"A lot of them try to learn the law. They go to the library and learn the state code and laws to justify their court appeals, trying to prove they didn't do the crime/s they are accused of. Some speak with their lawyers, but they can only do so using the phone, never face to face. At Telfair, there were also educational and work programs in and a GED program for jailees."

As for loyalty, it depends on how fair the officer is.

"If there's one inmate who’s ruining it for everyone, he's the bad apple. Because of his behavior, the whole group can have privileges revoked, like not being allowed to watch TV. In those cases, the other prisoners are aware that he’s the problem, so they try to get him out of their zone by putting the inmate ‘on the door.’ This means the other inmates order the prisoner to pack his belongings and move out of the zone.”

8. The older convicts who may be innocent have a hard time proving it without today's forensics.

"People can go to prison and spend almost their entire life there for a crime they didn’t commit. A lot of older inmates who have done 30 years or more may be wrongly convicted due to the limited forensics back in the day, so there was no way to fight their case. There was this one prisoner who had been incarcerated for approximately 30 years. Around 6 months ago, I saw him on the news, released for having been wrongfully convicted of murder due to new evidence. He was actually one of my inmates.”

9. Not all officers are fair, and some believe in vigilante justice – through the prisoners.

"Most officers don't know what crime the prisoner is in for, but some make it a point to find out. I have done so in the past as well, to be aware of whom I should be extra cautious with while performing my duties. I avoid judging them because some people change from their past life, and sometimes, they can be wrongly convicted."

"A lot of times inmates don't know what the other inmates are in for, unless an officer tells them. For example, some officers may become angry with an incoming prisoner who's convicted of raping a little girl, so they may disclose that information to prisoners – which they obviously shouldn't do. But in most cases, inmates may know because they personally know the other convict's family and heard the news from visitors, or they have other outside connections that inform them."

So, would they ever target another prisoner?

"They have, and they will. I, personally, have never seen inmates attack a guy because he's a pedophile, but I have seen a blood gang inmate attack another blood gang inmate because he was told that the inmate was a homosexual. From how I’ve seen the prisoners react, apparently there’s nothing is wrong with being a homosexual in prison; you just can't be in a gang."

But what about the news?

"We try to avoid them watching any type of news. In the prison, we have control over the channel and what they hear, but we have very limited control over the information they may obtain from family members and friends. So they could find out that way or using the internet, if they’ve smuggled in phones and are getting the information that way. "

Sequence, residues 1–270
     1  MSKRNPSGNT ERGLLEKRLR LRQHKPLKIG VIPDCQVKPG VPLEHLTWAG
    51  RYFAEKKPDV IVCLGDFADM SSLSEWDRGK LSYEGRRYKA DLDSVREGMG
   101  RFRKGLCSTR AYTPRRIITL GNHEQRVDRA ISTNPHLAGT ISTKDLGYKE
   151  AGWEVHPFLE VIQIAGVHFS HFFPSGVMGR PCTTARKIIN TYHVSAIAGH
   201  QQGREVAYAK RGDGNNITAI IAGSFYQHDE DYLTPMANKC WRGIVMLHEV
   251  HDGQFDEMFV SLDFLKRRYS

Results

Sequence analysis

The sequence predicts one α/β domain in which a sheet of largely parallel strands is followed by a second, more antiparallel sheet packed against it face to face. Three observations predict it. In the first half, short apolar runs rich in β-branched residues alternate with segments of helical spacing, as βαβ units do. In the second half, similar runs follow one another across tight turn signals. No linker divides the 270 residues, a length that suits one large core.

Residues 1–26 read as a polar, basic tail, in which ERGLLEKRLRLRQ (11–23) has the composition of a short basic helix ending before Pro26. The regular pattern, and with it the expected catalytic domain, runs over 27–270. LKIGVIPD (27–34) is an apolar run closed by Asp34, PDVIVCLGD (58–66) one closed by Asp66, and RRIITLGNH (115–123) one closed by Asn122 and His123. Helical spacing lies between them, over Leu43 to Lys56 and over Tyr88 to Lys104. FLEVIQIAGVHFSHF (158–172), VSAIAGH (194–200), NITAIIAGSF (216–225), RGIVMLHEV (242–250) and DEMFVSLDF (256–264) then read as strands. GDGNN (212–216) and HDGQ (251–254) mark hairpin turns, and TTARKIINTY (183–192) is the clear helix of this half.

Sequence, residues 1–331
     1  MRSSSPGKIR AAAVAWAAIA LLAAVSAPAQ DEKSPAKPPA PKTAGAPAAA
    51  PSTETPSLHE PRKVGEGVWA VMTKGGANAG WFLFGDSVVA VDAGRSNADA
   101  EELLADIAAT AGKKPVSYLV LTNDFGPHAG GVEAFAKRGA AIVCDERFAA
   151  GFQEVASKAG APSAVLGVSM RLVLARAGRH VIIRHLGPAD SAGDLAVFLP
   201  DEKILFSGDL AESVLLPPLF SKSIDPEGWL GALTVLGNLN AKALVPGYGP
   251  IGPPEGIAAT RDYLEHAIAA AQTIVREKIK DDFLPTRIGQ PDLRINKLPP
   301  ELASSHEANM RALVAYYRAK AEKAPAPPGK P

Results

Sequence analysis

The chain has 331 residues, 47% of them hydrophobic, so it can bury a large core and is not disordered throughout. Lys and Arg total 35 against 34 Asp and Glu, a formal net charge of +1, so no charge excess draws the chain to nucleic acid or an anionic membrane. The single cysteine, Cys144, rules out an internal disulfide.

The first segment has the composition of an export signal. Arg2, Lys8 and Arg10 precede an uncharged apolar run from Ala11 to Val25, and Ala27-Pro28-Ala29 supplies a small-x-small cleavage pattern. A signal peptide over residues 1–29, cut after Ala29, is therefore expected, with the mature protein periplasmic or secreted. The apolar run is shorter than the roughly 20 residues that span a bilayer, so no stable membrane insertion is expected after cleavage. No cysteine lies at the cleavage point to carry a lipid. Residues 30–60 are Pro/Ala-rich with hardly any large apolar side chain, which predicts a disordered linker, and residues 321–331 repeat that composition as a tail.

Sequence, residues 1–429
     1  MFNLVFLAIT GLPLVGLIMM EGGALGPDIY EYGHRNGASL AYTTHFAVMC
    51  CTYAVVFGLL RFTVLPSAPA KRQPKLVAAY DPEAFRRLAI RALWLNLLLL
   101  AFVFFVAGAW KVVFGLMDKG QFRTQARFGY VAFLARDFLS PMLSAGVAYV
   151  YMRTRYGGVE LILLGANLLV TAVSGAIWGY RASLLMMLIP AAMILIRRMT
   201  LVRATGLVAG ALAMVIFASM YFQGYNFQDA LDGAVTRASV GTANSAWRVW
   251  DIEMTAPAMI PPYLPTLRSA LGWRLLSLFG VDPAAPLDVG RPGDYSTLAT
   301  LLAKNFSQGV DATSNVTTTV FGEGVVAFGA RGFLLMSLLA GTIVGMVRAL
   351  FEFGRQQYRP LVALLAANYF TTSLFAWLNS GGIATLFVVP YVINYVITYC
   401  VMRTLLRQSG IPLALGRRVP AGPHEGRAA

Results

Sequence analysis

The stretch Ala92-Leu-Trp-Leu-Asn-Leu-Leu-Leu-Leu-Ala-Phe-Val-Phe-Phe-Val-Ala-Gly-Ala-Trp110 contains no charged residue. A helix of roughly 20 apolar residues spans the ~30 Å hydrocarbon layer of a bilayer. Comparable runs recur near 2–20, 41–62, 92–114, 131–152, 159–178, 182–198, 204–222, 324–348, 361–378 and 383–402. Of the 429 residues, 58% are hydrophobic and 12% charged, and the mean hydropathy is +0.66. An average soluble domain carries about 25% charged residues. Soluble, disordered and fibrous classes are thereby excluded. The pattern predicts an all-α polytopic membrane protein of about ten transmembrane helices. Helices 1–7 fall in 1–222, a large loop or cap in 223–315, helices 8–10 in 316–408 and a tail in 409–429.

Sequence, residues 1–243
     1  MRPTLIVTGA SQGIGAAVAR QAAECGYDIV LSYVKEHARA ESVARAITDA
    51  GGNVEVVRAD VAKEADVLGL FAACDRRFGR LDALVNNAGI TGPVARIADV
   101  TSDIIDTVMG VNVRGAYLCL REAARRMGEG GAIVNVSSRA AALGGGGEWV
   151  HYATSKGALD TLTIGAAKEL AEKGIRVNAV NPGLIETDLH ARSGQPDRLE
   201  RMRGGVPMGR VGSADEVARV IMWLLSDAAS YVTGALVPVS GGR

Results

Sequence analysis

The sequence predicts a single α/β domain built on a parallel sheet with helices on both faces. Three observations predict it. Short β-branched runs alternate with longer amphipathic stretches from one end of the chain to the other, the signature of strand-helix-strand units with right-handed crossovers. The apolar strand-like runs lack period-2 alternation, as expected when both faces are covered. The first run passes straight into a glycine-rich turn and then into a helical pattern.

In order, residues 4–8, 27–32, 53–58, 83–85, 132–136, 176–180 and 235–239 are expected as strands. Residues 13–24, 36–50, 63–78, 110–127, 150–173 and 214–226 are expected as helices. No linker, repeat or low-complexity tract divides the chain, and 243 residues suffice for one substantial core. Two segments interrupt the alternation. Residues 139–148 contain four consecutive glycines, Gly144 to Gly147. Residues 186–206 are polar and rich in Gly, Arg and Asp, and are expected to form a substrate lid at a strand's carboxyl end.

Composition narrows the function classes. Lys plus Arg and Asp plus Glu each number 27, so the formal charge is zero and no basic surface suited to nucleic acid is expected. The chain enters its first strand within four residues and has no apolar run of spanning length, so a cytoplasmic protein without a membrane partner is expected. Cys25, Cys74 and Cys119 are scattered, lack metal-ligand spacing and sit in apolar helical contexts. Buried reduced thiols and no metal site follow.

10. Some of the prison staff is just in it for the money.

"We're in a world where people just get jobs to say they have one. They have no intent to enjoy what they do or to help others. I worked with mentally ill inmates and have seen their conditions worsen over time due to the lack of support from either the staff or health personnel. Counselors may come in just to put on their paperwork that they have seen the inmate when the counselor may have stayed no more than five minutes. Most people who work in this career are in it just for the pay and benefits. I’m not saying we have to become their friend, but we need to understand, the way our hearts beat, same way their hearts beat."

"They have people who care about them just as much as we care about our family. Treat them like humans and be respectful, and they will do the same in return. You can even learn some things from them if you just take the chance to listen. A lot of the older inmates are knowledgeable."

11. And politically, I think we all agree; the prison system needs reformation.

As a criminal justice major, my class textbook described American prisons as modernly sophisticated and advanced, but in actuality, I’ve discovered that a lot of the programs we take for granted aren't even implemented or followed. And even worse, the standard of living falls way below what many Americans assume it to be – flat screen TVs and free healthcare.

“The prisons already don't have enough support. There could be mold all in the shower and their rooms. They have very few – almost none – options to better themselves. A lot of people go back to prison because they don't know how to adjust to society, how to wake up in the morning and how to find a job. They become so used to the guards telling them what to do and what not to do."

"Giving orders is what the system ends up being about. Telfair was a public institution, so order and direction helped the prison to run semi-well. Private prisons, from I've heard, are actually better and more organized. I know people back in my hometown who said they would rather work for private institutions like the CCA because the inmates there are well-mannered and the administration staff supports the workers.”

Our prison system has become monetized and far too structural, based on olden principles to be "tough on crime," but we've been doing that since the 80s, yet nothing has come of it. We need to reassess our societal perspective of justice and reevaluate its form of delivery.